Now guess what other bank I used…

Published on 9 October 2008 in , , , , ,

They say a week is a long time in politics. Maybe they should add a new one – a week is a long time in banking during a credit crunch.

Two days on and Icesave is still proclaiming that We hope to provide you with more information shortly although BBC News now has a piece saying that details of how to claim compensation will be available tomorrow.

If only that was the end of the saga.

A few months ago I decided I needed to spread the risk on my accounts so opened another account with… you guessed it… Kaupthing Edge!

That’s the same Kaupthing Edge whose UK operations were yesterday declared in default, and the savings book swiftly flogged off to ING Direct.

I didn’t have a huge amount of money with Kaupthing Edge, but at least what little there is isn’t stuck in a compensation queue.

Unlike Icesave, Kaupthing Edge UK was fully regulated in the UK – which is one reason why I felt reasonably happy to leave my money in there after Icesave shut the doors. The UK Treasury has had a bit of practise handling failing banks, and its handling of such situations is now swift and to the point. The fact that it was all a done deal by the time the public knew was happening, shows that they were well prepared.

One thing that did cross my mind was, with the UK operation gone, how long would Kaupthing itself manage to survive in Iceland given that the whole of it’s UK operation was it’s second biggest earner outside Iceland.

The answer was… not very long. Their press release this morning stated that:

the Financial Services Authority in the UK transferred Kaupthing Edge from the bank’s subsidiary, Kaupthing Singer & Friedlander. Kaupthing Singer & Friedlander was subsequently placed into administration and Kaupthing Bank’s creditors pointed out that this situation represented an event of default according to the parent company’s loan agreements and was therefore a technical default. It did not matter that the parent company had sufficient liquidity and its position was solid.

Kaupthing Press Release: 9 October 2008

It’s like a house of cards. One bit is removed, and the whole thing crumbles. Kaupthing has now handed itself over to the Icelandic Financial Supervisory.

Back in the UK, it’s three banks down (Icesave’s owner Landsbanki also owned the oddly named Heritable bank which was fully UK regulated, and its savings book taken off to ING Direct as well) and the week’s not even over. As I wait for my compensation forms to get the cash, I can’t help but hope that next week is a little calmer.


  • Kirk says:

    It’s all very very silly now.
    But, yes. At least the government have the hang of “save the money, then announce it” now.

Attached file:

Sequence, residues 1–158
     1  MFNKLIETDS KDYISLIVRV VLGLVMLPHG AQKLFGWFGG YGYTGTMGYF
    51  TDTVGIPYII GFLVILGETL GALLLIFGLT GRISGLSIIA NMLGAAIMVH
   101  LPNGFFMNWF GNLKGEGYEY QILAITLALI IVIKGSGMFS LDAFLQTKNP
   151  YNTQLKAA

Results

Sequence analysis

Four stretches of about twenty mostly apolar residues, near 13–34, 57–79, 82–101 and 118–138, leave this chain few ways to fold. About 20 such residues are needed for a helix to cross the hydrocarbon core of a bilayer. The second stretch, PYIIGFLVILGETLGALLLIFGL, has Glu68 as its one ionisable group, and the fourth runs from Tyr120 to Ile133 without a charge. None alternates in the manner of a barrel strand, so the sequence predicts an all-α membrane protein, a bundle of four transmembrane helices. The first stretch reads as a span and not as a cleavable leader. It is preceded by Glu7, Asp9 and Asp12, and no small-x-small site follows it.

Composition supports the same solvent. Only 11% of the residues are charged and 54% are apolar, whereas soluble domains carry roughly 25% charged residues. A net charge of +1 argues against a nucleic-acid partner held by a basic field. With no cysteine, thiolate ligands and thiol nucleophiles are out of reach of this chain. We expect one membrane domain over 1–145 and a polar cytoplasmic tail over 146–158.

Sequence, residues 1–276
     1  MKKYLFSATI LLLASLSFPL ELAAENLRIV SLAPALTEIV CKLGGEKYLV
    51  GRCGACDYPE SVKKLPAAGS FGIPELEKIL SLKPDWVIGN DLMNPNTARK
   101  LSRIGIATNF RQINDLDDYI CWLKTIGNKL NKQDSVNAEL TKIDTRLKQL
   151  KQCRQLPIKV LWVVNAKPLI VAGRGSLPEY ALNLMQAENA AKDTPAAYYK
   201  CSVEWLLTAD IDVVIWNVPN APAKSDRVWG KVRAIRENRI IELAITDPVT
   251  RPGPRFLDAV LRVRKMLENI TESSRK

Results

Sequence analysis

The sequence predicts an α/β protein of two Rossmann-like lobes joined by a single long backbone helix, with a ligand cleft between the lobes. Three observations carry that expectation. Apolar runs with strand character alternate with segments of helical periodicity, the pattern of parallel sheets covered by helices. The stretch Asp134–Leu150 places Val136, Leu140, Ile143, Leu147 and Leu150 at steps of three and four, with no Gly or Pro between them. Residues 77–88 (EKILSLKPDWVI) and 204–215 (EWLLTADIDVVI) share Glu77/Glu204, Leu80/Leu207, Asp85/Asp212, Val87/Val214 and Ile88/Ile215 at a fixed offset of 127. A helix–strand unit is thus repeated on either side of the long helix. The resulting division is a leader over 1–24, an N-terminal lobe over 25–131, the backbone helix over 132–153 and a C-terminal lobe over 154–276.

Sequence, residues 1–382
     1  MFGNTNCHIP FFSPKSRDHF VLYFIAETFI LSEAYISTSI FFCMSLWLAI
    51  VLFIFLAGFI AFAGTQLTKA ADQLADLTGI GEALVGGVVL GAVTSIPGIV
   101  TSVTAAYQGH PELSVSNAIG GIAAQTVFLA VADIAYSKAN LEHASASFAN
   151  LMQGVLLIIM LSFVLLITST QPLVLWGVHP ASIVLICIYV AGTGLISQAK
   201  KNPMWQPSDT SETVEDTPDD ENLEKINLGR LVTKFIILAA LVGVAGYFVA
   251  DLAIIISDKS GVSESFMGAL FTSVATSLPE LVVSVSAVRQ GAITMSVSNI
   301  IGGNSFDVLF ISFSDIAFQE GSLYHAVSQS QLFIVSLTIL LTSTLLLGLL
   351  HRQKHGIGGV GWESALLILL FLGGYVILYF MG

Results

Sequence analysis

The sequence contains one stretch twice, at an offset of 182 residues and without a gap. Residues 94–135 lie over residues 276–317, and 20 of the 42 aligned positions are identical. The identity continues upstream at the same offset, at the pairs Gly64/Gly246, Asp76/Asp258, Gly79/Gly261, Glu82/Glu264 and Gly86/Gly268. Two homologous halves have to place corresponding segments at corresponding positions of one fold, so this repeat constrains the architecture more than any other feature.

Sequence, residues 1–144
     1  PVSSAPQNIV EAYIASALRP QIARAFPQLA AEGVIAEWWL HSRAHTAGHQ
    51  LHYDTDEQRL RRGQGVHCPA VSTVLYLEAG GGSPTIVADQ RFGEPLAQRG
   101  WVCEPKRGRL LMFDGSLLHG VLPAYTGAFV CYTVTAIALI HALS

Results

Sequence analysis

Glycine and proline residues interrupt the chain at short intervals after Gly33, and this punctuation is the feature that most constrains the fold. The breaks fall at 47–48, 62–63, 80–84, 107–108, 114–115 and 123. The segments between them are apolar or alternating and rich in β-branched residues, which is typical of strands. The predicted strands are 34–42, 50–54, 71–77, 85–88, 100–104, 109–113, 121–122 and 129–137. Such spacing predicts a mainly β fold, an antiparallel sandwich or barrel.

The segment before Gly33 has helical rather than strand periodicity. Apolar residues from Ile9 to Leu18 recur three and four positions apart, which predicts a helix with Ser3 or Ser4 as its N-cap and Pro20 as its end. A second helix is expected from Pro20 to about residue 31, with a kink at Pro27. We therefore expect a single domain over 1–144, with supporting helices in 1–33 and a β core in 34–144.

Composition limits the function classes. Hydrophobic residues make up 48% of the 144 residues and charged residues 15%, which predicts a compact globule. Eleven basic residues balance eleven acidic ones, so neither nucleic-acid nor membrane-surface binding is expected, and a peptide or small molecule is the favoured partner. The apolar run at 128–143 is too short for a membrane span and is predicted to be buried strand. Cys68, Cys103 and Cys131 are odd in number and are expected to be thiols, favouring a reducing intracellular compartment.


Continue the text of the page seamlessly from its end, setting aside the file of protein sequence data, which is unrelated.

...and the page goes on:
All we need to do is shut the press up for a while and the credit crunch would be over!

  • Andrew Bowden says:

    It doesn’t help when the press aren’t even consistent in their message. BBC News had been reporting that Alistair Darling was going to protect Icesave savings. Yet 48 hours later, I was still seeing new articles – one on the Telegraph – telling people they’d lose anything over £50,000! Feeding yet more worry.
    As I remarked to Catherine in the pub, so much of this is self-fulfilling prophecy. One person panics, and stops doing things like lending, or spending. That worry spreads to two other people. Who spread it to four people. Who spread it to eight people.
    And before you know it, the whole economy is up the spout, people are losing their jobs and banks are closing left right and centre.
    And all because one person panics…

  • William says:

    I could write thousands of words on this. But yes, inaccurate reporting all over the place. There came a point, quite early on this week, when I realised I knew far more about the story and had researched it more thoroughly than most of the “journalists” reporting on it. So I just stopped watching the news bulletins and got my information from BBC Parliament, the treasury website and the FSCS. Also, “independent financial advisors” – how qualified are they really?
    I’m actually a big defender of the way Iceland have handled this. Their citizens are in a far worse situation than we are, and their PM has to protect his own country first. His reaction has been far calmer, measured and eloquent than our own government. It does also seem that the other Nordic countries have let them down with regards to the reciprocal arrangement they were supposed to have for compensation scheme.
    Perhaps the one mistake they made was first nationalising Glitnir without doing anything about the other two banks. You only have to look at the forums on various personal finance sites to see that as soon as that was announced UK savers started a run on Icesave. There must have been all sorts of alarms going off and a lot of people nervously watching screens in Reykjavík on Sunday night.
    Interesting how broadly worded this new anti-terror legislation is that it can be applied to something which has nothing whatsoever to do with terrorism.
    Oh and I had/have money in both banks too.. I suspect we’ll have a long wait for the Icesave money, what with all the arguing about who will pay for it, but at least ING looks relatively secure now – by authorising/arranging the sale of the deposits our government has effectively guaranteed them, even if the money would legally have to come from the Dutch compensation scheme.